If elected, Wright, who de­scribes her­self as a Fred­er­ick Dou­glass Repub­li­can, said she would fo­cus on im­prov­ing pub­licpri­vate part­ner­ships and re­pair­ing what she sees as a strained re­la­tion­ship be­tween city and state lead­ers.

Ivan Gon­za­lez, a 13-year vet­eran of the Bal­ti­more Po­lice Depart­ment, has fo­cused on pub­lic safety is­sues dur­ing his bid for the Repub­li­can nom­i­na­tion. Call­ing the crime plans of lead­ing Demo­cratic can­di­dates “garbage,” Gon­za­lez said he would cre­ate an “army” of po­lice spe­cial op­er­a­tions teams to con­duct searches and get guns off the street.

Gon­za­lez said he would make for­mer Bal­ti­more Po­lice Lt. Stephen Nale­wa­jko the city’s po­lice com­mis­sioner and “get rid of” State’s At­tor­ney Mar­i­lyn Mosby. A mayor can nom­i­nate a po­lice com­mis­sioner, but the ap­point­ment needs the ap­proval of the City Coun­cil. Also, Mosby, a Demo­crat, is an elected of­fi­cial and does not serve at the plea­sure of the mayor.

Nale­wa­jko nar­rowly avoided be­ing charged with sec­ond-de­gree mur­der in 1994 af­ter he was in­volved in a shoot­ing that re­sulted in the death of a man. A grand jury ini­tially rec­om­mended charges against Nale­wa­jko and of­fi­cer Lewis G. Yamin, but the next day re­versed it­self.

If elected, Gon­za­lez, 50, who works in the nar­cotics unit with an an­nual salary of about $80,000, said he would serve as mayor dur­ing the day and con­tinue his po­lice work at night pro bono.

“Af­ter 5 p.m., I’ll grab my god­damn po­lice-is­sued ri­fle. I’ll pair up with the com­mis­sioner who used to be a lieu­tenant, and I would get these guys my­self. That’s how you lead from the front.”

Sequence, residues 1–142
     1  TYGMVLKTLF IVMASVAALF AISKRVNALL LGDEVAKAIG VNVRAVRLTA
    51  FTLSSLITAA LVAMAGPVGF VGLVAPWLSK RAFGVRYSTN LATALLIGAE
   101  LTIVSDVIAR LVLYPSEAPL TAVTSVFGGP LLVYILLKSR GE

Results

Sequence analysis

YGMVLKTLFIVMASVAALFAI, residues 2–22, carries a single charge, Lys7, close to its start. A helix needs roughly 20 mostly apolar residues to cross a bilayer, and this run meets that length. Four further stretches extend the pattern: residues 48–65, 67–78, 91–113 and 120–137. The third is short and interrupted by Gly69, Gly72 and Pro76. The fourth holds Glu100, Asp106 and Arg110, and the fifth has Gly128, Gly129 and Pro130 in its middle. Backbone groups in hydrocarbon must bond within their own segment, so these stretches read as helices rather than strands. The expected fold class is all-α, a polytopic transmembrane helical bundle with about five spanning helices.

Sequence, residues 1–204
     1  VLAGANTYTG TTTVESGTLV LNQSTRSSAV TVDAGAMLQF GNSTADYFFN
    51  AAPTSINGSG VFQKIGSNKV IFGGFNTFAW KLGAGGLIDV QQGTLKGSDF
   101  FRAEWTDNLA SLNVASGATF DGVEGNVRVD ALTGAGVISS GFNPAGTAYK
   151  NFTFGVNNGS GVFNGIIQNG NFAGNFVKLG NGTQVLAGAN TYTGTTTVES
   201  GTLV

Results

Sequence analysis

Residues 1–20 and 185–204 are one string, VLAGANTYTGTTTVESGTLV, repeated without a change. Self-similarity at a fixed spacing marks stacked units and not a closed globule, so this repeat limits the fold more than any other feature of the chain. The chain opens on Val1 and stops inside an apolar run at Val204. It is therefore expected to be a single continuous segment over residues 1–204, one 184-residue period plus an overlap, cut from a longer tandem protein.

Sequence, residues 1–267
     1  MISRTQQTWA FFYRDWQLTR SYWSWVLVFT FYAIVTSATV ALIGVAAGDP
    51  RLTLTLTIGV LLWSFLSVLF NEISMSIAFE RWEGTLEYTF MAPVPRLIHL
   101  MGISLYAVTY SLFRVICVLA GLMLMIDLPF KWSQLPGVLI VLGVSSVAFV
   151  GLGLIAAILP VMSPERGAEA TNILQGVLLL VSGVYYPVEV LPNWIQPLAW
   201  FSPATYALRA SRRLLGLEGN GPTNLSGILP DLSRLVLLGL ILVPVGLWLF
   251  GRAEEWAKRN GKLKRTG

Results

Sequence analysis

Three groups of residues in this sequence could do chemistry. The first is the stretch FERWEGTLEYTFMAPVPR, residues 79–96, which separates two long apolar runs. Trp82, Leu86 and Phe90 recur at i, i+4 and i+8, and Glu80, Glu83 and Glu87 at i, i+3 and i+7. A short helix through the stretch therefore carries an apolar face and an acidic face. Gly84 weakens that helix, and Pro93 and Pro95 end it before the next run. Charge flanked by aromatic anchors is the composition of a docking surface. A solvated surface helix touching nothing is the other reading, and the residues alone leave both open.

Gon­za­lez has not filed a cam­paign fi­nance re­port and owes more than $800 in fees. He said he has raised no money in the race, but has had dif­fi­culty get­ting the state’s cam­paign fi­nance fil­ing sys­tem to work.

Zulieka Baysmore, 61, a na­tive of Wash­ing­ton, D.C., who works in the insurance in­dus­try, would fo­cus on com­mu­nity devel­op­ment as mayor, ac­cord­ing to her cam­paign web­site, us­ing fed­eral hous­ing money to build more af­ford­able homes in the city with a goal of cre­at­ing 5,000 first-time home­own­ers.

Baysmore, a res­i­dent of Madi­son Park in West Bal­ti­more, said she plans to build 14 en­tre­pre­neur and man­u­fac­tur­ing hubs, one in each City Coun­cil dis­trict — a plan she said would cre­ate 2,000 jobs.

“If you de­velop it and start get­ting on top of the vi­o­lent crime here, they will come back,” Baysmore said of de­vel­op­ers dur­ing a GOP can­di­date fo­rum in Fe­bru­ary.

Collins Otonna, 58, an in­de­pen­dent can­di­date for mayor in 2016, is now run­ning with the GOP and calls him­self a “lib­eral Repub­li­can” on his cam­paign web­site. Otonna pledged to work with the city’s youth if elected. He pro­posed a “per­for­mance debit card” for each city stu­dent, funded with $30 per week. Stu­dents would have to at­tend classes to re­tain the ben­e­fit, he said on the web­site.

David An­thony Wig­gins, 60, a can­di­date for sher­iff in 2014 and 2018, states on his cam­paign web­site that he would strengthen pro­grams that en­cour­age the shar­ing of ideas be­tween city lead­ers and Bal­ti­more’s re­search uni­ver­si­ties. Wig­gins, of Park­side in North­east Bal­ti­more, said he would op­pose new taxes on busi­nesses, which would cre­ate un­cer­tainty in Bal­ti­more’s eco­nomic cli­mate.

Wil­liam G. Herd, 67, of Wy­man Park in North Bal­ti­more will also be on the bal­lot. He could not be reached for com­ment.